Iris, medical physics, poole hospital

Rheumatology department
Patient Information
Children’s Arthritis Treatment Information
Steroids (Prednisolone)
Steroids are powerful anti-inflammatory drugs we use to treat childhood arthritis. How steroids work Steroids (glucocorticoids) occur naturally in the body and are important for a number of daily functions. Steroids are used as a treatment for arthritis to: This should enable you to become more active.
How should I take the steroids?
The prednisolone tablets come in three strengths: 1mg (white tablet), 2.5mg (brown
tablet) and 5mg (red tablet). The dose of steroid that you are given will depend upon
how much inflammation there is in your joints. Once the inflammation is under control,
the dose will be reduced as much as possible. It is best to take Prednisolone with a
meal, snack, or glass of milk. This helps to prevent stomach upsets.
What should I do if I vomit after taking the medication?
If you do vomit within 45 minutes of taking the medication, repeat the dose. If you vomit
more than 45 minutes since taking the medication, do not repeat the dose.
What should I do if I miss a dose?
If you miss a tablet take your next dose at the normal time. Never give a double dose for
a missed dose.

Are there any side effects?
All steroids carry a risk of side effects. These will depend on the dose of the steroid and
the length of time that the child is on the medication. The aim is to reduce the steroids to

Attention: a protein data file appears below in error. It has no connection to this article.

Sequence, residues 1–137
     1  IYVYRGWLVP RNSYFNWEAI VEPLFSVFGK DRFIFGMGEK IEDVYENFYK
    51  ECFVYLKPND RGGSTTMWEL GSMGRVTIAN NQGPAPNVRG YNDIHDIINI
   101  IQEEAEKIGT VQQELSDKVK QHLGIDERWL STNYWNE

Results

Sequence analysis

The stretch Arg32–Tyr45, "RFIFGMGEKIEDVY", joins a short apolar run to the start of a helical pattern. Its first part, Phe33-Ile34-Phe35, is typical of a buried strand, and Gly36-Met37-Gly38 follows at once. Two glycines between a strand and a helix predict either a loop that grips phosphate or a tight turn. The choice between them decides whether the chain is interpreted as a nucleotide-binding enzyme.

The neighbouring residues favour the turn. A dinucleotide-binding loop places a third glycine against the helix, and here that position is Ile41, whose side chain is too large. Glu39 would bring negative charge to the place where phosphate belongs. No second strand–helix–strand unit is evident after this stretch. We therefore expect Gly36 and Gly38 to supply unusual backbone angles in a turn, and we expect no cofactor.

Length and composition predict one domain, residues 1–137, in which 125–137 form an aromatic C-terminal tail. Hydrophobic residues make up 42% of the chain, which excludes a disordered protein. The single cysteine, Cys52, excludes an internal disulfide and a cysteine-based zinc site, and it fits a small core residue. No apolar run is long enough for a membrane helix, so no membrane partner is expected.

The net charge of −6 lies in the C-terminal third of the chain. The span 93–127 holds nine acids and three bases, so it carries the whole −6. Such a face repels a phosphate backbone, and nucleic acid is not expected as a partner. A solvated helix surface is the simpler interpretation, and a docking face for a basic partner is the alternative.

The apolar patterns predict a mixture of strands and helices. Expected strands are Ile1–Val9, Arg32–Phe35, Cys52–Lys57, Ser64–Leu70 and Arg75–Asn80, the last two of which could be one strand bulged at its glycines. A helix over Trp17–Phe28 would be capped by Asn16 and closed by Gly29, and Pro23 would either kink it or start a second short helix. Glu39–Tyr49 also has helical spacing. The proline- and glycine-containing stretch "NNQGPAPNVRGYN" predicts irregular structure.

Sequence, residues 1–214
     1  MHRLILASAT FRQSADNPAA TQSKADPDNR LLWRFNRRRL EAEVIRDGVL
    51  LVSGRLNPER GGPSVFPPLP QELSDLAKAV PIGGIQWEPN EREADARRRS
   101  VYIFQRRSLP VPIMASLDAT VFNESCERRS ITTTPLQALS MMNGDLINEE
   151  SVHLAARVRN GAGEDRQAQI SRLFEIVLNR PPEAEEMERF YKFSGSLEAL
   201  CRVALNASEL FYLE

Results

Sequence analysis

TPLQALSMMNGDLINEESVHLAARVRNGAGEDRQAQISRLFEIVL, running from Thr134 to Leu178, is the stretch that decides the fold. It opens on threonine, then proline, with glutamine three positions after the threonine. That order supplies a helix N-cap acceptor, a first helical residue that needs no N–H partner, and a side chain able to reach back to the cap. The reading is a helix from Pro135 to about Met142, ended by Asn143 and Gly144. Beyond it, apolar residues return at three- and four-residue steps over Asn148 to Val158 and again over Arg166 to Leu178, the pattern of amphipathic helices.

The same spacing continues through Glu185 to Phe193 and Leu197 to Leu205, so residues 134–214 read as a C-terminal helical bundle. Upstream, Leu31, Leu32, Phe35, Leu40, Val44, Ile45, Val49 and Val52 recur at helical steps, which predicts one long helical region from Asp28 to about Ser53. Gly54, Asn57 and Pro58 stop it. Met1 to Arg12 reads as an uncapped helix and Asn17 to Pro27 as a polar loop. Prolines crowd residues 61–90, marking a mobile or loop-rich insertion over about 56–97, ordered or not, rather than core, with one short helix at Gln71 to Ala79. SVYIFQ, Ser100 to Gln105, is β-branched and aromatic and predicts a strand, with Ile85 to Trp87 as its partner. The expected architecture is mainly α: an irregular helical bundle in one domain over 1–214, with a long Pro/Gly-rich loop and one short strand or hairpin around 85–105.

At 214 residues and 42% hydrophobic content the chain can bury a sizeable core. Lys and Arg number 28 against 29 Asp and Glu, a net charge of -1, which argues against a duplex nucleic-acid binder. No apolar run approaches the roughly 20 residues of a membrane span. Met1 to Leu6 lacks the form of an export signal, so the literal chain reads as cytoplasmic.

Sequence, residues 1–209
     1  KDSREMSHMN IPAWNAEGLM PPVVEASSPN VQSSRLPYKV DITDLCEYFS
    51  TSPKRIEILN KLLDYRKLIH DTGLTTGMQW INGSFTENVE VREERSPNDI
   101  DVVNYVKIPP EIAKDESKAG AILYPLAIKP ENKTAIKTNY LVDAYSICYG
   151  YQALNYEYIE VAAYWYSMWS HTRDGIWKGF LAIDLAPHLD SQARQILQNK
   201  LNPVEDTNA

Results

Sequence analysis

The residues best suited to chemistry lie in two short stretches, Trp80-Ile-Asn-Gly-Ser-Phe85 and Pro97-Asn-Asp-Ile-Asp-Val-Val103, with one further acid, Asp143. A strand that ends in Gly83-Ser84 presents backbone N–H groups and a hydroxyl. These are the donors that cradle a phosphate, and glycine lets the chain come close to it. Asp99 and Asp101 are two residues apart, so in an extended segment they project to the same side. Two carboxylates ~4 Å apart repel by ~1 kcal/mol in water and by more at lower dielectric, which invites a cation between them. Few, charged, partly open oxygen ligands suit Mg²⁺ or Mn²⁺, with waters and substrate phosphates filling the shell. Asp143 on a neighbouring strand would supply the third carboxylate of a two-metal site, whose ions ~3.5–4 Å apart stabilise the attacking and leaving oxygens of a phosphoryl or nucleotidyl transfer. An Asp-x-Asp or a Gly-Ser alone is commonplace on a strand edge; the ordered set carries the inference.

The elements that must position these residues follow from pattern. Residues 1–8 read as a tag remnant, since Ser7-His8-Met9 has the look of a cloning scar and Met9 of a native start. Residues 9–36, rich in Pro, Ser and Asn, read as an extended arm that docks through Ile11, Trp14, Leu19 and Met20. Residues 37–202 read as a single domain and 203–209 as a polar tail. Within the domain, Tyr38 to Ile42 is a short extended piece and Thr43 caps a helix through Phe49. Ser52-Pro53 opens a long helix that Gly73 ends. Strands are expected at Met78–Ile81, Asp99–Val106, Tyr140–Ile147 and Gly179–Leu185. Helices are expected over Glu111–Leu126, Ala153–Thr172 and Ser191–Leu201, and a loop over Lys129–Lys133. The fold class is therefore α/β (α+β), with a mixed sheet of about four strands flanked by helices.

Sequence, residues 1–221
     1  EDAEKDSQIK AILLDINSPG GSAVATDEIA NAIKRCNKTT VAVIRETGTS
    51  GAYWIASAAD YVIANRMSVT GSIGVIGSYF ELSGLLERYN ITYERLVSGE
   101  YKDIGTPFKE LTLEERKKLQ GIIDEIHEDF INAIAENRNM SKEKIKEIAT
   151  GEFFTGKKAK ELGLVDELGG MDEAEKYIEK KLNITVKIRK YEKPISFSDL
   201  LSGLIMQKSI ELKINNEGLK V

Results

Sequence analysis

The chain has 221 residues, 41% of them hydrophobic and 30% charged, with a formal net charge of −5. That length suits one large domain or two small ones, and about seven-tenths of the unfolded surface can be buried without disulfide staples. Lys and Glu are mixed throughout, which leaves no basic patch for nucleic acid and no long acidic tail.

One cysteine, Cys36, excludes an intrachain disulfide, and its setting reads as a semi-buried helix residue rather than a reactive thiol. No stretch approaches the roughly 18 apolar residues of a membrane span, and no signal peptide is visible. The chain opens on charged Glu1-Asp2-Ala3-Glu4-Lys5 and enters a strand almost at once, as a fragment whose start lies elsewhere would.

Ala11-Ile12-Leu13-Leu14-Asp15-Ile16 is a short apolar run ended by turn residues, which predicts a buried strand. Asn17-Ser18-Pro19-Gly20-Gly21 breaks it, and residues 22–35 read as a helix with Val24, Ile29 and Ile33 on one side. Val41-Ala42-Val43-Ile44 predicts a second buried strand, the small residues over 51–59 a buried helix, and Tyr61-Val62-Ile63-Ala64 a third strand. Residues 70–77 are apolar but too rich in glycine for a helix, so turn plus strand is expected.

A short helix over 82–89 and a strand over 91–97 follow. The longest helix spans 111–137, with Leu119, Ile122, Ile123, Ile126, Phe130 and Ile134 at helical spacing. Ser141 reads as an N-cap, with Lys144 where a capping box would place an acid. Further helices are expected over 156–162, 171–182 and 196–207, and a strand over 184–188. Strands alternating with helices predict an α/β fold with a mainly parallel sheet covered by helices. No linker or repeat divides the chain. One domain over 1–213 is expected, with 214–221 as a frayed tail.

the lowest dose needed or stop them as soon as possible. Other disease-modifying
medications are used to replace steroids where appropriate.
Weight Gain: This can be due to an increase in appetite. Steroids can cause the body
to retain more fluid than usual and also increase the amount of fat it normally lays down.
On discontinuation of steroids it is possible to lose this weight.
Reduced Growth Rate: This can be caused by long term treatment with steroids.

Poole Hospital NHS Foundation Trust

Rheumatology department
Patient Information

Menstrual Irregularities: There can be changes in frequency, flow and duration of
menstrual periods that can sometimes be overcome by taking steroids on alternate days.
If steroids are taken over many years at high doses there is a risk that they may cause
diabetes and osteoporosis (thin bones).

Important Information
If your child is injured (e.g. has a bad fall) and is treated as an Emergency, make sure
that the Emergency doctor knows that he /she is taking Prednisolone.
Immunisations - before any immunisations or vaccinations are given your doctor must
be informed.
Chickenpox - if there is direct contact with chickenpox and you are unsure whether your
child has had it then you must contact your doctor. A special medication to try and
prevent chickenpox may need to be given (zoster immune globulin).
Contact Details
If you have any further questions or need advice about your treatment phone the
Rheumatology Advice line on
01202 442849.

For further health-related information, please contact:
The Health Information & Resource Centre
Poole Hospital NHS Foundation Trust
Longfleet Road
BH15 2JB
Telephone: (01202) 448003
Rheumatology Practitioners
December 2007. Date of Review December 2009
Rheumatology Department, Poole Hospital NHS Trust
Dr. P. Thompson, Dr. S. Richards
We can supply this information in larger print, on audiotape, or have it translated
for you. A member of staff will be happy to discuss this with you. Please call
PALS on 01202 448499 or the Health Information Centre on 01202 448003 for
further advice

Poole Hospital NHS Foundation Trust


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